An enjoyable, bittersweet comedy-drama about learning to let go from infant terrible Pete Davidson and king of movie comedy Judd Apatow 

On paper, it looks like a 21st-century comedy dream team - Pete Davidson, the Young Turk of painfully honest confessional stand-up, has teamed up with Judd Apatow, writer and director of modern classics such as The 40-Year-Old Virgin and Bridesmaids.  

Happily, it also works on screen. This is a "70% autobiographical" comedy-drama about Davidson's own upbringing in Staten Island and it marks somewhat of a departure from Apatow's usual play it for laughs portraits of middle-aged ennui and angst. 

Davidson plays Scott, a 24-year-old slacker who spends his dog-eared days in his widowed mom’s basement, smoking marijuana with his mates while nursing his dreams of opening a "tattoo restaurant" with the groan-worthy title of Ruby Tatoosdays.

The live wire Davidson, a relative unknown here, apart perhaps from his whirlwind engagement to Ariana Grande, is a revelation as the stoner lost boy, who channels his grief for his late firefighter father through passive aggression and bad taste quips. He’s also recruited several of his real-life friends to play his gang of misfits, some of whom harbour criminal designs on a local pharmacy.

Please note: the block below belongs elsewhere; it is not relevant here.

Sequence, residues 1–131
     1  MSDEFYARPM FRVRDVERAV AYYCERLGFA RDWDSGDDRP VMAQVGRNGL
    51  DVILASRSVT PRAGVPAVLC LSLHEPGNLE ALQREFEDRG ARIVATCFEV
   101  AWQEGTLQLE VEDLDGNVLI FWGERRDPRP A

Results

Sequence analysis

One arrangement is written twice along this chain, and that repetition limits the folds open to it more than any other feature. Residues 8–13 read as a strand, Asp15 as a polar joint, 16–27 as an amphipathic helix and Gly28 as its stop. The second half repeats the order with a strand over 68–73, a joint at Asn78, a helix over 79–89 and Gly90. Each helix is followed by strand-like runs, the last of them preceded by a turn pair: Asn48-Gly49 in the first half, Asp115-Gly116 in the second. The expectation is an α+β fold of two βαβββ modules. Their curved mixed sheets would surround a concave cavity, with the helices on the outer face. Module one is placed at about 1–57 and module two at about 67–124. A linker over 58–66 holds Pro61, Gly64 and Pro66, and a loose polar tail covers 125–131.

Watch our interview with Judd Apatow and Pete Davidson 

Bill Burr is also great value as the loudmouth firefighter who dates Scott’s mom and Steve Buscemi (an ex-firefighter himself) has a small part as Papa, the father figure at the local firehouse, who sees potential in the feckless stoner.  

However, this being a Judd Apatow film, it is the female cast members who are the only emotionally mature people here. Marisa Tomei turns in a uniformly great performance as Scott’s mother in a combination of maternal indulgence and then hardass tough love when her wayward boy needs to be finally dislodged from that basement to face the real world. 

Watch our interview with Steve Buscemi 

Judd Apatow’s daughter Maude also has a poised performance as Scott’s high-achieving younger sister Claire, who heads off to college in the city and whose concern for her brother is rejected. Bel Powley proves once again that she’s a star in the making as Scott’s friend with benefits, Kelsey. She’s a fast-talking, whipsmart and has a winning hometown pride for Staten Island, the "forgotten borough".

It’s the right parts of tender and funny. It’s also pretty scattershot and uneven but this is Pete Davidson we’re talking about here so that’s just fine. 

Alan Corr @CorrAlan2

The King of Staten Island is available on digital platforms from June 12.

Watch our interview with Marisa Tomei